Retrospective radiographic and clinical study


Retrospective radiographic and clinical study.

Objective. To examine the long-term outcome of selective thoracic fusion (STF) performed for lumbar “”C”" modifier curves in adolescent idiopathic scoliosis.

Summary of Background Data. The efficacy

of STF in lumbar “”C”" false double major curves is controversial. We examined the 5- to 24-year outcomes of patients with “”C”" lumbar curves who underwent STF at a single institution to determine which factors help predict successful outcome.

Methods. Thirty-two patients (age, 14.8 +/- 2.0 years) with a lumbar “”C”" modifier underwent primary STF and had minimum 5-year follow-up (mean, 6.8 years). All patients were fused distally to either T12 or L1. At latest follow-up, 18 were considered successful (group S), 2 required reoperation to accommodate worsening deformity (group R), and 12 were considered marginal outcomes (group M), as defined by >3 cm coronal imbalance (n = 5), >5 Ricolinostat mm worsening of lumbar apical vertebra translation compared with preoperative (n = 4), >1 Nash-Moe grade worsening of lumbar apical vertebra rotation (n = 1), >10 degrees thoracolumbar junction kyphosis which was at least 5 degrees worse than preoperative (n = 5), and lumbar Cobb angle >5 degrees worse than preoperative (n = 2). Clinical outcomes were determined by Scoliosis Research Society (SRS)-30 at final follow-up.


Of the multiple factors considered, 2-month postoperative standing GSK2126458 inhibitor lumbar sagittal alignment was most predictive for long-term outcome (P < 0.019 by Kruskal-Wallis ANOVA).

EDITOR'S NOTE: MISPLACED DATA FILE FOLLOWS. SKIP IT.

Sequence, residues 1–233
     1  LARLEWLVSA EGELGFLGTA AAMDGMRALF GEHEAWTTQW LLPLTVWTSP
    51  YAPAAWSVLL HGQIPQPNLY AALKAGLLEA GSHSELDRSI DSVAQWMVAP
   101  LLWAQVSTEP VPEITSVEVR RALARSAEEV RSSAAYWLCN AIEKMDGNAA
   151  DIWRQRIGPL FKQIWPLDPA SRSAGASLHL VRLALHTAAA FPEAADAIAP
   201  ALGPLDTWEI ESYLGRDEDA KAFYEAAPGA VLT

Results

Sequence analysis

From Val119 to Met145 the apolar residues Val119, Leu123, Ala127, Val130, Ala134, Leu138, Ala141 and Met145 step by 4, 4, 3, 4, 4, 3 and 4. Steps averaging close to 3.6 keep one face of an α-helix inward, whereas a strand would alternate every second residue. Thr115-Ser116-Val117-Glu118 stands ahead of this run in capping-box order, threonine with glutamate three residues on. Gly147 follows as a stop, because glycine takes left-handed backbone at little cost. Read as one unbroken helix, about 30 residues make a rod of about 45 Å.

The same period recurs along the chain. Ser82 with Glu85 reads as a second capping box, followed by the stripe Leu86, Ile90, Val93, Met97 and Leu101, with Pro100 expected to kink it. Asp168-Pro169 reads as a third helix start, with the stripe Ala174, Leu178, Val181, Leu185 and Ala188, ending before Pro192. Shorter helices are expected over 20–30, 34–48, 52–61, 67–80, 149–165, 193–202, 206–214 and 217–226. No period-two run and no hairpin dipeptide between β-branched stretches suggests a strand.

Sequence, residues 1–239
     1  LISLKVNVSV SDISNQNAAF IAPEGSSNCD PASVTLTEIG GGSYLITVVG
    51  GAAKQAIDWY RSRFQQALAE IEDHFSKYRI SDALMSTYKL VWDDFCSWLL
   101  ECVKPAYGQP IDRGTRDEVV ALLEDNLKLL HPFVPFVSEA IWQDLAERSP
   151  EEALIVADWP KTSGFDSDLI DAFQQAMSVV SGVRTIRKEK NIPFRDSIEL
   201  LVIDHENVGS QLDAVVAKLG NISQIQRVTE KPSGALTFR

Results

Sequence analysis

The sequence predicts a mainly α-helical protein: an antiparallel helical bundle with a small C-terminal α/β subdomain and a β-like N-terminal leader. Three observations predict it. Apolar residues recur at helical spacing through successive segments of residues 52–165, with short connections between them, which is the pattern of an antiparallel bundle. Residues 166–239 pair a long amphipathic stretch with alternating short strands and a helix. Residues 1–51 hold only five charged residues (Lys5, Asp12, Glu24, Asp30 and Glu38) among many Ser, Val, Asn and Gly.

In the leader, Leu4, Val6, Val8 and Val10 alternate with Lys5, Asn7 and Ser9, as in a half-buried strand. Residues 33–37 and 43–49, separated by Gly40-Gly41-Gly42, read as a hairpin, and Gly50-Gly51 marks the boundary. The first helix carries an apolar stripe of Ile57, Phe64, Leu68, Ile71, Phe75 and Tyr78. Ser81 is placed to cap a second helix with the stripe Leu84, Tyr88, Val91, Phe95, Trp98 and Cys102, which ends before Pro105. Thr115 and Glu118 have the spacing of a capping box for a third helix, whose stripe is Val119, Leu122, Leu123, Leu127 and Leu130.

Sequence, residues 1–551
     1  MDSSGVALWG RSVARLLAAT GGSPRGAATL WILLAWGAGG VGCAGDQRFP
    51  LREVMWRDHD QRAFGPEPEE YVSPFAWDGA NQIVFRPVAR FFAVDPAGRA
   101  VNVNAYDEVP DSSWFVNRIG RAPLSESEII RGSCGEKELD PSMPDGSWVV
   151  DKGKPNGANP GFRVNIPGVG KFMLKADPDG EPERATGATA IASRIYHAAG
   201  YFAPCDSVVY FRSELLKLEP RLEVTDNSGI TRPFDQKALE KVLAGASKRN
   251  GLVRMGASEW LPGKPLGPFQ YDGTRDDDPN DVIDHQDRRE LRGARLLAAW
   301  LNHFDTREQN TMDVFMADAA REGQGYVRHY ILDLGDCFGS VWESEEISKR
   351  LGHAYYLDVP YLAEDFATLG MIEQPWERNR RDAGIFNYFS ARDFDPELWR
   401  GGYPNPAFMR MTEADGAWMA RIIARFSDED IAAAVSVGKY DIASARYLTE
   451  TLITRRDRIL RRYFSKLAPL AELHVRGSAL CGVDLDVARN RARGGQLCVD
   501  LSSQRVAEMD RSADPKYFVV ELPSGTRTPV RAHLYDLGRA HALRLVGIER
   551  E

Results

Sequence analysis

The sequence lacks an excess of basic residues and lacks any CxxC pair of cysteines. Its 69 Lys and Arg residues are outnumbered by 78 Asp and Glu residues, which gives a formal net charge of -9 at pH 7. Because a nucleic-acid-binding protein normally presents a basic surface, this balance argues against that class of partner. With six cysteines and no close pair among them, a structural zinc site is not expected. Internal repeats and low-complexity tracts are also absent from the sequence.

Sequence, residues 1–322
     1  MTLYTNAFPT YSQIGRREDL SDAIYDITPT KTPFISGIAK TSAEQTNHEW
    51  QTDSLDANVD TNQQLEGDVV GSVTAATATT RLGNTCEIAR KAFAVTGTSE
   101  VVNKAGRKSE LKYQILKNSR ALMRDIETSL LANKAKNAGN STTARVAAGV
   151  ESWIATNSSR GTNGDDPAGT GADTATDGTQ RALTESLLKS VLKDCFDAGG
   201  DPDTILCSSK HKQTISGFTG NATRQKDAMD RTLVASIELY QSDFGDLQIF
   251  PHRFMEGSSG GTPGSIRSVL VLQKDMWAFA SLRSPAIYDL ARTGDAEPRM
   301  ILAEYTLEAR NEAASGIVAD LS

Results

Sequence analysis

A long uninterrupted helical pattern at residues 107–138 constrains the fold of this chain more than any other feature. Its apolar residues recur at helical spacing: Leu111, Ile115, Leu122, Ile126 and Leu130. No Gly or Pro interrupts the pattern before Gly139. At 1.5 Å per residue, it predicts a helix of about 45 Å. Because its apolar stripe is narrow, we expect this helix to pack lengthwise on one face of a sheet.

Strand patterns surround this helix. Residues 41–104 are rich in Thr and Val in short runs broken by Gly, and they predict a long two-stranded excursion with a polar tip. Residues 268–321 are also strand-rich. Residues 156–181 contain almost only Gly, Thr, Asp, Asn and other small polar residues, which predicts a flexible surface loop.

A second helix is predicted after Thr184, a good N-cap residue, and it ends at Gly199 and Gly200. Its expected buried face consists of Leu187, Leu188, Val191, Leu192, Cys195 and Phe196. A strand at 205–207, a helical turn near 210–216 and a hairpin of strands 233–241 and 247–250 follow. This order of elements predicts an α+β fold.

Satisfactory outcomes had statistically significantly greater T12-S1 lordosis than those that were marginal (64.8 degrees (group S) vs. 52.0 degrees (group M); P = 0.014) or required reoperation (64.8 selleck chemicals degrees [group S] vs. 38.0 degrees [group R]; P < 0.001). Traditionally considered variables such as apical vertebra rotation, apical vertebra translation, Cobb angle magnitudes, coronal and sagittal balance, and their respective thoracic-to-lumbar ratios were not independently significant.

Conclusion. Selective thoracic fusions performed for lumbar “”C”" modifier scoliotic deformities generally have excellent long-term radiographic and SRS-30 outcomes at 5- to 24-year follow-up. Care should be taken to ensure that overcorrection of the thoracic curve is not performed beyond the ability of the lumbar curve to compensate. Furthermore, consideration of selective thoracic fusion should not be ruled out simply because the patient may have a somewhat stiff lumbar curve based on side-bending radiographs.”
“Gorham-Stout disease, or massive osteolysis, is an extremely rare idiopathic condition characterized by spontaneous, localized relentless resorption of one or several contiguous bones. There is no known successful treatment. Autologous bone graft also resorbs. It is a condition with difficult diagnosis, treatment, and prognosis. We report an extreme case of massive osteolysis of the maxillofacial complex.

Comments are closed.